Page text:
What’s maybe most impressive about this laptop is that it can actually be a capable gaming machine with the right support. Apple’s been working on getting developers to port their games to Apple Silicon since it debuted, and while the selection of native titles is still smaller than what you’ll get on Windows, these ports run well when they happen. We were able to consistently top 60 fps at a 1,920 x 1,200 resolution when playing Resident Evil Village on the MacBook Pro 16-inch with a Mac Pro, and while that’s not quite at the level of a premium gaming laptop, it’s enough for plenty of players.
There’s no doubt that this generation of bigger screen MacBook Pros is pretty similar to the last generation, and we expect things to shake up more in future generations, with advances like touchscreens and OLED rumored to be on their way. For now, though, these are among the best premium productivity laptops you can get.
Best Windows Laptop — Asus Zenbook S 13 OLED
Normally, the Dell XPS 13 is a strong contender for this category, but that line failed to impress us this year. The XPS 13’s classic, tried-and-true chassis is now reserved only for lower-end models, and higher-end models now use a new chassis that we found hard to look at and almost as hard to use. This year, we’re suggesting Apple haters check out the Asus Zenbook S 13 OLED instead.
This year actually saw quite a few laptop lines typically regarded as budget contenders put out strong mid-to-high range entries. We almost gave this spot to the Acer Swift 5, which entered the big leagues this year with an attractive chassis and beefier specs than we’ve seen in past models.
But the Zenbook S 13 OLED is so lightweight, long-lasting, and pleasant to look at that it easily rivals the new MacBooks, let alone other mid-to-high range laptops.
Powered by AMD’s Ryzen 6000 series chips, our review praised this laptop for having “a powerful right hook for a featherweight,” hitting 7,498 points on Geekbench’s multi-core test and finishing a Blender benchmark in four minutes and 19 seconds, which is faster than what we experienced on the new MacBook Air.
That featherweight point is important, though— it’s actually smaller than the new MacBook Air on every metric except thickness, where it is 0.2 inches larger, but it makes up for that by being half a pound lighter.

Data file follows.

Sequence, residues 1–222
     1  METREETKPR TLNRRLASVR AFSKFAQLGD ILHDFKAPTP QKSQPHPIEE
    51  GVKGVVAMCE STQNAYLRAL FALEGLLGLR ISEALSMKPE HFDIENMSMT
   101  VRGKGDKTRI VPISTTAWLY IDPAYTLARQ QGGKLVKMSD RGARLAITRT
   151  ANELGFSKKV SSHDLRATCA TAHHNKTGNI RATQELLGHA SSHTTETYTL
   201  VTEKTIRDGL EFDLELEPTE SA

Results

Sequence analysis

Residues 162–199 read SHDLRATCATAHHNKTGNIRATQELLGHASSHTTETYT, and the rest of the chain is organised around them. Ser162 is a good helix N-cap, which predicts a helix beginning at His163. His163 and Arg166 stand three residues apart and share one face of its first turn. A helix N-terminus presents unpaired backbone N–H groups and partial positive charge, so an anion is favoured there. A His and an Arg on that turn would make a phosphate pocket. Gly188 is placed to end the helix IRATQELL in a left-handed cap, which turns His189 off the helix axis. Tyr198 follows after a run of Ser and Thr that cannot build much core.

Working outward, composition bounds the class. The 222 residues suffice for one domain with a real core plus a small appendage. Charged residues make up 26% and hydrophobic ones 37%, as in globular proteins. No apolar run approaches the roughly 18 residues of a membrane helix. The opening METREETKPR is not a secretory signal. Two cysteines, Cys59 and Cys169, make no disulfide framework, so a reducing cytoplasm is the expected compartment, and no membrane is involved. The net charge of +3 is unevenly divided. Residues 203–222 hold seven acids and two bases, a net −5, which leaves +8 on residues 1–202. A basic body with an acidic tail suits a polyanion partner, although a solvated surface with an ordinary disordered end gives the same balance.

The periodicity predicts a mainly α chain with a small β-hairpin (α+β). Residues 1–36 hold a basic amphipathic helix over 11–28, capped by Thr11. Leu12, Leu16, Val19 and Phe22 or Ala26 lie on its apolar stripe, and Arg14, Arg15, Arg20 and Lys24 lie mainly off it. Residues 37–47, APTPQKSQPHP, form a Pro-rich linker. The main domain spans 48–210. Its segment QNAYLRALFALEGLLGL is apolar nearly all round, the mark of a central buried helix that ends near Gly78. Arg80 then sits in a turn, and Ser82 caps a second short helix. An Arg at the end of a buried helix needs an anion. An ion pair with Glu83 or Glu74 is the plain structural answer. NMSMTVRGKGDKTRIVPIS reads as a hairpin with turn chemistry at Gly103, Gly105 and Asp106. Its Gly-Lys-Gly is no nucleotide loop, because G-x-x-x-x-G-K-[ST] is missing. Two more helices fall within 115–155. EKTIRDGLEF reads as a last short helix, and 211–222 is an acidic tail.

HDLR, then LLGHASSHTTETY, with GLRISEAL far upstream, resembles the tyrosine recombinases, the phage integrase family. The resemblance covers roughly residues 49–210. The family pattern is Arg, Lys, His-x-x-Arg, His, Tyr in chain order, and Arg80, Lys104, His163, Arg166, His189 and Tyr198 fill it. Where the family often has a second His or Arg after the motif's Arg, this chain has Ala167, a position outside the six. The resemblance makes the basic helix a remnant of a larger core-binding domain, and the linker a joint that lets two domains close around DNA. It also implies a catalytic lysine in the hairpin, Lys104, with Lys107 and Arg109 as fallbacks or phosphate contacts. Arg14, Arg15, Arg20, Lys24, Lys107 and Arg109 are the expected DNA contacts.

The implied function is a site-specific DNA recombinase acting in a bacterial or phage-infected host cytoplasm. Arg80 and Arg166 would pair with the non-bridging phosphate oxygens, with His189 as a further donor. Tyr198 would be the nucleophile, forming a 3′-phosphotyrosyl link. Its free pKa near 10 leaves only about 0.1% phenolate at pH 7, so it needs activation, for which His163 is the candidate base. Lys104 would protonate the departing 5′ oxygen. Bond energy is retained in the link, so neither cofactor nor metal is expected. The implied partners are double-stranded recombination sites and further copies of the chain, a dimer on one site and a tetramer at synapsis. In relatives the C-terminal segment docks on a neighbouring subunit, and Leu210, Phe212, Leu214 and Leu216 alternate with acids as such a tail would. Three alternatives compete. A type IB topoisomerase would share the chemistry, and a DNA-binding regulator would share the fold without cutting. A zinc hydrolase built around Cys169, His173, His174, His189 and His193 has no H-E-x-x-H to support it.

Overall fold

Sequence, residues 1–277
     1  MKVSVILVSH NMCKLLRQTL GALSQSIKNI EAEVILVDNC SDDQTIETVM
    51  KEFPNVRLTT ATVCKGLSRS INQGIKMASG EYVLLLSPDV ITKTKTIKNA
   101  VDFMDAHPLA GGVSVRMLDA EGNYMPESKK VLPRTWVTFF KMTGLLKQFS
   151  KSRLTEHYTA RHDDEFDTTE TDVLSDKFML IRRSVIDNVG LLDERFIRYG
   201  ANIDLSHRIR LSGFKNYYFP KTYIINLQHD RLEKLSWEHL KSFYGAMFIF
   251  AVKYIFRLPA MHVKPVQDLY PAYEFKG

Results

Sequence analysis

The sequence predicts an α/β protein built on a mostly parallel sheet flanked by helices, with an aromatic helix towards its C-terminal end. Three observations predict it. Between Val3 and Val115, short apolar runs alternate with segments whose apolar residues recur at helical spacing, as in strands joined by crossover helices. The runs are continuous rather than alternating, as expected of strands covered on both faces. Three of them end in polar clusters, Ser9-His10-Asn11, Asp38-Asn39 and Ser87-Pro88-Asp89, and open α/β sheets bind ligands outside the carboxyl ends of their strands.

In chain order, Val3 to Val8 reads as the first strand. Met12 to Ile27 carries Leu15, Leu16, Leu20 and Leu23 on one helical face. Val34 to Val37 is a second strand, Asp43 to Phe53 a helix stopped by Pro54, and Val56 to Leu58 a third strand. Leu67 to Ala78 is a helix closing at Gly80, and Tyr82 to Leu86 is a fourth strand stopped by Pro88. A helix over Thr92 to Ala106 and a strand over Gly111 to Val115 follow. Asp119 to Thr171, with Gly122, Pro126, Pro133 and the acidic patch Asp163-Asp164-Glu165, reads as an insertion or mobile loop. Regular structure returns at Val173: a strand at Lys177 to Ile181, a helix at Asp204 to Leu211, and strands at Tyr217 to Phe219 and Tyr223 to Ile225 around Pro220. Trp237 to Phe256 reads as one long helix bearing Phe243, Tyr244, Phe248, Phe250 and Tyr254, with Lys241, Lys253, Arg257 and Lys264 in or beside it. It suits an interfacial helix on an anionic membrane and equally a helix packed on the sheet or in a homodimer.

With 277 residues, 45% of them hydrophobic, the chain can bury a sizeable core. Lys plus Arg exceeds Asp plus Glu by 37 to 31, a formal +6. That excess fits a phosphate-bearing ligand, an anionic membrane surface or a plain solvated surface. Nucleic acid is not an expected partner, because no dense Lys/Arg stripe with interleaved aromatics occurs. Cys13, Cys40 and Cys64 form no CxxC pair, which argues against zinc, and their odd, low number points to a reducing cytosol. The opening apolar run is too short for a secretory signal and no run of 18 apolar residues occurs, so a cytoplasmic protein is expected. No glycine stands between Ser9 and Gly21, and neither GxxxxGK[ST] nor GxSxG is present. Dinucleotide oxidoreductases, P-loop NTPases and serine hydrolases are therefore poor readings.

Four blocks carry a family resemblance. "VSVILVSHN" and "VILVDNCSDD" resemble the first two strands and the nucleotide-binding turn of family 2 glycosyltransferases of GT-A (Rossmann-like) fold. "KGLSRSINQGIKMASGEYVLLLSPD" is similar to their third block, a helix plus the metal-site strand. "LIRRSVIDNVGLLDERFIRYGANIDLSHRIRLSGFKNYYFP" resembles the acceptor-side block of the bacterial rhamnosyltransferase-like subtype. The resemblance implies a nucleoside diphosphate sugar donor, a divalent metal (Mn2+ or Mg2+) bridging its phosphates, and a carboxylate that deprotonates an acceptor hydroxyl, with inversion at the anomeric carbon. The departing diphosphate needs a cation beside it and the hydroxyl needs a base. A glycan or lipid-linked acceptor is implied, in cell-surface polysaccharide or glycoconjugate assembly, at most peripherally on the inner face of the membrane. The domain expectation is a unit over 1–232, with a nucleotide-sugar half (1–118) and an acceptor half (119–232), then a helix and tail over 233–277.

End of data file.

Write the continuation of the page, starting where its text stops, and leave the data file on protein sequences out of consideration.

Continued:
It’s also got a proper 16:10, 13.3 inch, 2880 x 1800 OLED display, which generally outclasses the (still good) 13.3 inch, 2560 x 1664 Liquid Retina display on the new MacBook Air.
At 11 hours and 10 minutes, its battery doesn’t measure up to the M2 Air’s, but it is longer lasting than the Swift 5 and is impressive for such a small OLED device.
Ultimately, you’ll lose out on some niceties by choosing this device over the MacBook Air M2, as the screen has less real estate, the chassis attracts dust and fingerprints, the webcam is only 720p, and the whole machine is generally less performant. But if you must go Windows, this is a tiny companion that can do a lot even on lower-end configurations, which currently start at around $1,299.
Best Gaming Laptop — Razer Blade 16
Over the past decade, Razer’s grown to be something of a gaming equivalent to Apple, for good and ill. That means its Razer Blade 16 laptop is a good, if expensive, bet.
This year’s model sees the Blade keeping its MacBook-like chassis, but upping its screen size to 16 inches. It also swapping out its components for the latest Intel 13th gen HX-series chips, with GPU options ranging up to the RTX 4090. Despite that impressive power, though, the machine remains thin and light (for a gaming laptop), weighing just 5.4 pounds and coming in at only 0867 inches thick.
Ports are plentiful, which is necessary for gaming peripherals, and display options range from 1,920 x 1,200 at 240Hz to 3,840 x 2,400 at 120Hz. The display is Mini LED, which makes it plenty bright even in direct sunlight.
The new Razer Blade’s also a bit easier to buy than some past models, as the “Advanced” model distinction that used to list certain configurations as a separate machine is now gone. That said, its price still ranges from $2,699 to over $4,200.
Best Budget Laptop — Microsoft Surface Laptop Go 2
‘Tis the holiday season, and many students are marching off to school, where they won’t need to do much more than take notes or operate browser-based apps. For those buyers, we recommend the Microsoft Surface Laptop Go 2. While we had some harsh things to say about its keyboard and the specs on its $600 base model, we also loved its attractive design and inclusion of a full-fledged Windows OS, something you won’t get on a Chromebook.
Push up to $700, and you get reasonable specs, including 8GB of RAM and a 128GB SSD, which you really shouldn’t go below in 2022. For $800, you can get the same model that we reviewed, which bumps your SSD up to 256GB.
You aren’t going to do more than the basics on this laptop, but like our review pointed out, “the sub-$800 price point is something of a blind spot for PCs.” You could get a high-end Chromebook, but that comes saddled with its own limitations.